We’ve traded in the Georgian interior for Georgia’s Black Sea coast, which forms part of the Caucasian Riviera. Specifically, we’re in Batumi, capital of the Autonomous Republic of Adjara which is a political-administrative region within Georgia. The city has close to 150,000 people and exhibits a distinctly different feel from the rest of Georgia. There are noticeable influences from its southern neighbour, Turkey and a much larger Muslim population, which is estimated to be approximately 30%.
Once the playground of high ranking apparatchiks, the Georgian seaside now plays host to a range of international tourists, where the scantily clad Russian hoi polloi can be seen rubbing shoulders with niqab-wearing Arabs. Tourism plays a massive part in the region and city’s economy, with visitors attracted as much by the opportunities for gambling (which is illegal in Turkey and other Muslim countries) as the warm sea waters.
For a seaside resort town, it rains a hell of a lot in Batumi. During summer, Batumi receives between 140-200mm of rain per month, which is more than what Auckland gets during winter! Annually, it receives more rain than Westport on New Zealand’s notoriously wet West Coast of the South Island. So we shouldn’t have been too surprised when our first couple of days threw out overcast conditions with rain. Still, there were enough breaks in the weather to occasionally get outside and survey the Boulevard which goes all the way from our accommodation into the main part of town 3km away.
Batumi is isn’t short of interesting architectural sights. Europe Square is a great place to start, where the Statue of Medea presides. In Greek mythology, Medea was the daughter of King Aieti, the king of Kolkheti in present day western Georgia, who helped Jason and his merry band of Argonauts steal the legendary Golden Fleece before going on to marry him.
In the myth the golden fleece was defended by bulls with brass hooves able breath fire and a never sleeping dragon/serpent with teeth which could become soldiers when planted in the ground. Using a magic potion, Medea put the dragon to sleep, allowing Jason to steal the golden fleece. As you walk around the statue, you notice that each side displays a scene from the overall myth of Jason and the Argonauts.
At the far corner of Europe Square is a beautiful building in its own right, that also houses the fascinating Astronomical Clock.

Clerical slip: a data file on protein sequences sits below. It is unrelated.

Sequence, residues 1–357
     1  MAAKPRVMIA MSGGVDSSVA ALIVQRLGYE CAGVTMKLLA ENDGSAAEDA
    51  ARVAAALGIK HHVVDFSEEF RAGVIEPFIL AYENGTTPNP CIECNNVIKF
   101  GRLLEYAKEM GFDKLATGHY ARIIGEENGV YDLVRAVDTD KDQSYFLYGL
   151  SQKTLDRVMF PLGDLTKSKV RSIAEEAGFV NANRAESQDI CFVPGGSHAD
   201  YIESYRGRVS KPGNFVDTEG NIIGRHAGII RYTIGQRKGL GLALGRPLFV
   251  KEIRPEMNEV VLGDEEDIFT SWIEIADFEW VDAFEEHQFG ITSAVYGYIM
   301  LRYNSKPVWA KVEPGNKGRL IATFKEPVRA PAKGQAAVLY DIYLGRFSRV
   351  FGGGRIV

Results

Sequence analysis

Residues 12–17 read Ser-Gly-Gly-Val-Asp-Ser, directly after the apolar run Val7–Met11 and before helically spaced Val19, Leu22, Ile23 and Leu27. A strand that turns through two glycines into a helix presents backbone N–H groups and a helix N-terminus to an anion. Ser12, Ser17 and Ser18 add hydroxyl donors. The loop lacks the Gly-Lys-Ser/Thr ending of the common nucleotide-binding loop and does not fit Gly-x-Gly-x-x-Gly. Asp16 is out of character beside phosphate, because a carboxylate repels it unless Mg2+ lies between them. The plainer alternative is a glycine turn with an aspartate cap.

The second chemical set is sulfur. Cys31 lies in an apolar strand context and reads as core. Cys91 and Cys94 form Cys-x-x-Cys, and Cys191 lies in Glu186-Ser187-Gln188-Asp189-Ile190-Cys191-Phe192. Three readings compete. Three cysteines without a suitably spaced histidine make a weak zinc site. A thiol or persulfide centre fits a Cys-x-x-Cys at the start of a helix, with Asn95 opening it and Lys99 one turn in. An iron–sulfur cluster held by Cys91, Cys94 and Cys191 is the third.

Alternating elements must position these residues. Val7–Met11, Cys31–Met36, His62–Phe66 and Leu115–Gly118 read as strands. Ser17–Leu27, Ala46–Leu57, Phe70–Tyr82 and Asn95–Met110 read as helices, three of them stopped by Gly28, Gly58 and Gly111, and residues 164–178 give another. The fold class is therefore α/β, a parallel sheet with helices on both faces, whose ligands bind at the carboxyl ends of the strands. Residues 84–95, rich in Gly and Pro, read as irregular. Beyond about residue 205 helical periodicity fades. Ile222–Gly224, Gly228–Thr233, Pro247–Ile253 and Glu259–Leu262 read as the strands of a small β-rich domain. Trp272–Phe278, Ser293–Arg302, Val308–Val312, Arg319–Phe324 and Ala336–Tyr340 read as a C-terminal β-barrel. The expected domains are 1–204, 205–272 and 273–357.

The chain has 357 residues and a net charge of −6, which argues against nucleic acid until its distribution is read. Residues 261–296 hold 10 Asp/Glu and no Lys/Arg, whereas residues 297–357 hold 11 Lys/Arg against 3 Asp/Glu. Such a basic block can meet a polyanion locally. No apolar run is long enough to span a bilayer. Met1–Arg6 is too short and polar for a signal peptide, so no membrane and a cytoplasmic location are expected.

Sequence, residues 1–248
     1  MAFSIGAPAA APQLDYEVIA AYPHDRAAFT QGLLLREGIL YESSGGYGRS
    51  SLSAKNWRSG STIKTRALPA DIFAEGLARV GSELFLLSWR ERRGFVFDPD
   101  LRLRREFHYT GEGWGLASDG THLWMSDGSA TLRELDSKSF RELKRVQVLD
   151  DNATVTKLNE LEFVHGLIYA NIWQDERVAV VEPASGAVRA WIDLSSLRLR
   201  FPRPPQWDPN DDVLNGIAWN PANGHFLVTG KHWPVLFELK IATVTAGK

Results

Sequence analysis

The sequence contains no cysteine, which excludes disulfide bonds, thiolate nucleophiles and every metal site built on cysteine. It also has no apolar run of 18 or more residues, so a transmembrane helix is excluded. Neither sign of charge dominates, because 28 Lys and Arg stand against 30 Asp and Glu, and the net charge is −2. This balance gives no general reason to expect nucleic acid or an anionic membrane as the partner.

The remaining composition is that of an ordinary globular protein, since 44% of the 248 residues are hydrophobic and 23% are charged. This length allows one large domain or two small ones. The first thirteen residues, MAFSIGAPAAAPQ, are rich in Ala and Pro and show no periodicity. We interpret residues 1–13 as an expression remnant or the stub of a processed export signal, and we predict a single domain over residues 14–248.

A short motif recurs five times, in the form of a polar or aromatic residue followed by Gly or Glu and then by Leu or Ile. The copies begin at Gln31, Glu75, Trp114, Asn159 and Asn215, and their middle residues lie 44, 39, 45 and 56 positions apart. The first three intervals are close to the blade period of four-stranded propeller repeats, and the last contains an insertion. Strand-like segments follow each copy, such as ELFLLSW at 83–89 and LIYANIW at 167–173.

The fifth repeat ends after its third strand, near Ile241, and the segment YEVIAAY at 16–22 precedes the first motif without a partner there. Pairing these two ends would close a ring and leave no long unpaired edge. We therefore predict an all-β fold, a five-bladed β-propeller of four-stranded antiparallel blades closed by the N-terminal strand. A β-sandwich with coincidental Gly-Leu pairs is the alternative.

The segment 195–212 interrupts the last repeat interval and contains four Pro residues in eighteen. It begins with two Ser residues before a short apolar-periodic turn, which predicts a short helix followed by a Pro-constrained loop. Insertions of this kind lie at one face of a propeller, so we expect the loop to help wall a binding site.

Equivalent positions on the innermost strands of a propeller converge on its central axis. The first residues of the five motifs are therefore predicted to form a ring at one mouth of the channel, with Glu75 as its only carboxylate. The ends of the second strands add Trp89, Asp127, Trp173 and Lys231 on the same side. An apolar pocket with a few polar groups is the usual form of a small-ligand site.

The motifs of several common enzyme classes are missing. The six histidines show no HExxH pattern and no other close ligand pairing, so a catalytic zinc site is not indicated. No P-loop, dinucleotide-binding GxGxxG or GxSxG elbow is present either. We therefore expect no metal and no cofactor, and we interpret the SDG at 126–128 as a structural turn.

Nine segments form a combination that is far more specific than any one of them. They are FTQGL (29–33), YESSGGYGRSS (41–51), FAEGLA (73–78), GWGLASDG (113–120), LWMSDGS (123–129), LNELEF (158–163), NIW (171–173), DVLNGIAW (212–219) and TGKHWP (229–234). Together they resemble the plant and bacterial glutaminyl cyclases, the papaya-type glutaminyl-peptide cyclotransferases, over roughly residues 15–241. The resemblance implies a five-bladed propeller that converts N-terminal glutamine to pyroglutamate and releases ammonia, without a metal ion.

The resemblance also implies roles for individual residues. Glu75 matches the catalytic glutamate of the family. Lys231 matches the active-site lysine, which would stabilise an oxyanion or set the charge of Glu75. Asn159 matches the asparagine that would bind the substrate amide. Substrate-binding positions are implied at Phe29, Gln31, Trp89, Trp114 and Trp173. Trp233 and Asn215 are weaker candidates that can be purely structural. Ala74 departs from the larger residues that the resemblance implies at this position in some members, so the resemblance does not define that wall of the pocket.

Made in Germany, the clock shows the placement of the sun and the moon, the moon phase, the meridian and the horizon and the actual time. Surely, that’s more astronomical data points than anybody has need for!
As mentioned, Batumi does not do ordinary architecture. This includes the outrageous Batumi Tower built in 2012 as the first skyscraper to include a Ferris Wheel built into the facade. While theoretically the Ferris Wheel was designed to accommodate 40 persons, to date it has never operated. Given where it is situated, even if it was working I sure as hell wasn’t going to be the first one to try.
What we did try, instead, was the fully operating “ordinary” Ferris Wheel at the end of the Boulevard, on a day when the sun decided to come out and play.
I don’t have a head for heights at all, so sitting on a creaking 30 metre tall Ferris Wheel was never going to be a pleasant experience. But brave it out I did, if you can call braving it out telling everyone to constantly sit still and not talk. Ferris Wheel Day was definitely a day when Dad went down in the estimation of his kids.
Situated beside the Ferris Wheel are another couple of well-known Batumi monuments. The Ali and Nino Statue is inspired by an Austrian novel in which an Azerbaijani Muslim, falls in love with a Georgian Christian princess on the eve of the Bolshevik Revolution in 1914. In true Romeo and Juliet fashion, the two lovers are destined to never be together and Ali is tragically killed during the war. Like in the story, the two figures in the sculpture move towards one other before passing between each other and never remaining together.
The other main monument at the end of the Boulevard is the Alphabet Tower. The 130 meter tower symbolizes the uniqueness of the Georgian alphabet by incorporating the design of DNA in its structure.
Located not 50 metres away from Europe Square and the Astronomical Clock, which we visited earlier in much less accommodating weather, is Theatre Square. Here, a statue of Neptune (the Roman god of the seas and oceans) stands that was built in 2010 after being modelled on a similar fountain and statue in Bologna, Italy.
Back on the Boulevard it was time to hire a four person bike and check out the kids’ driving skills. Despite more than a few hair-raising moments, I’m happy to report that we all safely made it back more or less in one piece. Their driving license applications are still being processed.
And of course, no visit to the Caucasian Riviera would be complete without a refreshing dip in the Black Sea. The shore shelves off quickly and with dumping waves on the hard pebble beach there is no real way to enter or exit the water gracefully, as we all found out. Still, it was all good fun and certainly warmer that what it looks.
Six days was probably a few too many for us in Batumi. However, like in a most places we’ve visited in Georgia, everywhere we went there was often interesting or quaint things to see and keep us entertained. Our main mistake was being located so far away from the “happening” part of town at the northern end of the Boulevard. We’ll know for next time, but for now it’s time to head back to Tbilisi to catch up with friends from the UAE.